Flash Fiction: Trapped

It had come to this. Thirst had hounded them all for days until the ceaseless circling of the roped off waterholes created tracks deeply rutted by their hooves. All of the usual spots had been blocked, barricaded with old fencing wire and tin. In desperation, one or two brumbies had charged and stomped, aiming flying kicks at the covers, but there was no reprieve. Smelling the water but not being able to drink was torture.

Two dry nights were spent warily watching the last waterhole. On the third night, some of the brumbies were on their knees, trying to inch closer to the moisture contained within the maze of fence runs. With a frenzied whinny one entered the compound despite knowing there was no way out. The gulping sounds drew the others in, no longer able to resist the trap.

This piece was a writing group challenge to write a piece of up to 150 words inspired by the word ‘Trapped’. It was based an image that had been rattling around since I had listened to a podcast about Eric Rolls and the Pillaga, months before. I couldn’t shake the image of the brumbies from my head, so the only solution was to write it out. You can find the section about brumbies around the 14 minute mark of the podcast.

[Photo: horses on Norfolk Island]


The Man from Coxs River: A Review

This local documentary came out a couple of years ago. It tells of the efforts of several disparate parties to remove about 80 wild brumbies from a pristine water catchment area. The operation was headed by the National Parks and Wildlife Service (NPWS) with input from other government organisations including the Sydney Catchment Authority and the RSPCA. The area was near Lake Burragorang, a sister valley to the Megalong Valley in the Blue Mountains National Park.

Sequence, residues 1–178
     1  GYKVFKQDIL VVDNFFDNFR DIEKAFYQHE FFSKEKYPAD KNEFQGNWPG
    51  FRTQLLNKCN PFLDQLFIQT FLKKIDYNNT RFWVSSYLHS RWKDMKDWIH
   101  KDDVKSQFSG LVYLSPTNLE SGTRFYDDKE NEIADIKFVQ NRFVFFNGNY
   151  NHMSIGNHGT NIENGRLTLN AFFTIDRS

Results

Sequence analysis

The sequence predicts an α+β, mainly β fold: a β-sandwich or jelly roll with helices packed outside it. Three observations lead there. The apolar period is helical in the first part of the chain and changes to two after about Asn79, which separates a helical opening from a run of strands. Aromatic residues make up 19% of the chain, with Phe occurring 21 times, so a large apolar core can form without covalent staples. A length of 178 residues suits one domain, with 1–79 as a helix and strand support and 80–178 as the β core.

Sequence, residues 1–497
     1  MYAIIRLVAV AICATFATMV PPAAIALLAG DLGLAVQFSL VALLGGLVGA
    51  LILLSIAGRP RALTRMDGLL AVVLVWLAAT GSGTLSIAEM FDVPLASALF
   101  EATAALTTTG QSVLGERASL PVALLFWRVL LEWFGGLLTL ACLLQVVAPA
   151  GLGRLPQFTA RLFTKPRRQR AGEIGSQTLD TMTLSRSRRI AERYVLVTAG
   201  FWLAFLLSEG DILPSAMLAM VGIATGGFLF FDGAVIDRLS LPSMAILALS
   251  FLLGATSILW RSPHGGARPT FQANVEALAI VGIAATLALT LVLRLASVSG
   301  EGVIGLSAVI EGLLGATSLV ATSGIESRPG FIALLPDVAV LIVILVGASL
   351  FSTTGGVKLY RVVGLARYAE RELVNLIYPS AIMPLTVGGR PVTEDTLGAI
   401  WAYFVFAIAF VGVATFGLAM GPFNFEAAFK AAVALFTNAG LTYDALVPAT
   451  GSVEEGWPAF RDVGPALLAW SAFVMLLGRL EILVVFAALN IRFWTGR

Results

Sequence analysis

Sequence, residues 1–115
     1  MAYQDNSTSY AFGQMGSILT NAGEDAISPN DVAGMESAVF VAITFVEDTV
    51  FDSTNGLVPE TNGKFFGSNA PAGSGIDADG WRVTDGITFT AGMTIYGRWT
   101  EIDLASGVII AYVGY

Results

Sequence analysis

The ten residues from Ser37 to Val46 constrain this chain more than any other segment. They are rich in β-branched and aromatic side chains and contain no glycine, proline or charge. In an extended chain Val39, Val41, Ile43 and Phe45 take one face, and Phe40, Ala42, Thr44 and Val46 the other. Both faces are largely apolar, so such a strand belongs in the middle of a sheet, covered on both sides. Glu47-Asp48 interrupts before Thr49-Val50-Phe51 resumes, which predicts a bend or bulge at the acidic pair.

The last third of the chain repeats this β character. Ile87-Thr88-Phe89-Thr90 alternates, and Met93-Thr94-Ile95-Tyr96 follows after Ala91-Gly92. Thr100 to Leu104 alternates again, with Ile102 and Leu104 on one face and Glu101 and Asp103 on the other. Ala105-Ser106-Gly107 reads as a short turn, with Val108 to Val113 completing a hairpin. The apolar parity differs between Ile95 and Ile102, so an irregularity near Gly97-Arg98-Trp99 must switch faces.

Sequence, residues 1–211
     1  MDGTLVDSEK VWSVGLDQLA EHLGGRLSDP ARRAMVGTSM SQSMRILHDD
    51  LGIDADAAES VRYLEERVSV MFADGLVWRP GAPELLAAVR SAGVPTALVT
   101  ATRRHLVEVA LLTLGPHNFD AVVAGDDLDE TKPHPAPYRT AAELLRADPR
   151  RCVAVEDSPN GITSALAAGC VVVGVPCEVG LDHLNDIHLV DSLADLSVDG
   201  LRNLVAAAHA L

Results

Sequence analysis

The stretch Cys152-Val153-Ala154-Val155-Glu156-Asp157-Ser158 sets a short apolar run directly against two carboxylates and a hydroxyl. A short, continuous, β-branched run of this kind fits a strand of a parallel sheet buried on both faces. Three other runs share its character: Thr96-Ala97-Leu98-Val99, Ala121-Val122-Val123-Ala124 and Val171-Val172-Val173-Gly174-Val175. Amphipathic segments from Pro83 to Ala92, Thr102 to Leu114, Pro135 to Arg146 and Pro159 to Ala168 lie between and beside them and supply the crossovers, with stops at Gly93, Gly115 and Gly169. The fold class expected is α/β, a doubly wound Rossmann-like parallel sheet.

A local stockman, Luke Carlon, was engaged to help out. The Carlon family has an extensive history in the area dating back to the 1830s, and his parents used to run packsaddle tours until the area came under preservation orders and access was prohibited. The environmental impact of these tours, including the effect of the horse hooves, was deemed to be too much for the area.

The interweaving of this complex family association with the land, intricate knowledge of the area and the ability to carefully plan, trap and extricate the wild brumbies was fascinating. It required skills, patience and adaptability that you rarely get to witness. The horsemanship in particular was impressive, along with the care taken to get the brumbies out. The alternative to trapping, removing and resettling them? Shoot them as feral pests.

The thick scrub created a myriad of challenges as the brumbies initially evaded the bait and traps laid out for them. Night vision cameras captured wild boars and kangaroos cleaning up the food, but eventually the brumbies began to come in closer, tempted by lucerne. Once a few were trapped in the yards that were flown in by helicopter due to access limitations, the challenge was to move them from the yards across the river and up a steep incline to the yards and stock truck about four kilometres away.

Quite apart from the logistical challenges, footage of conversations, usually around a campfire, provided insight into the personal stakes in this quest. The long association of the Carlon family with the area is recorded on plaques in a valley that is virtually inaccessible. Luke’s grandparents, Norbert and Alice, provided hospitality to early bushwalkers and key figures associated with the movement to preserve the area for generations to come. This personal passion and association is counterbalanced by NPWS ranger Chris Banffy. He admitted to no emotional attachment to horses but his respect for the land and working with all parties to ensure the best outcome from an environmental and humane perspective was evident.

The scenery was incredible and I loved the background music. The last shot of a stock truck rumbling through Blackheath with a handful of wild horses looking out will stay with me for quite some time. You can find the trailer to the movie here as well as a link to the website. Well worth a viewing or two.

[Photo: view from Mount Blackheath]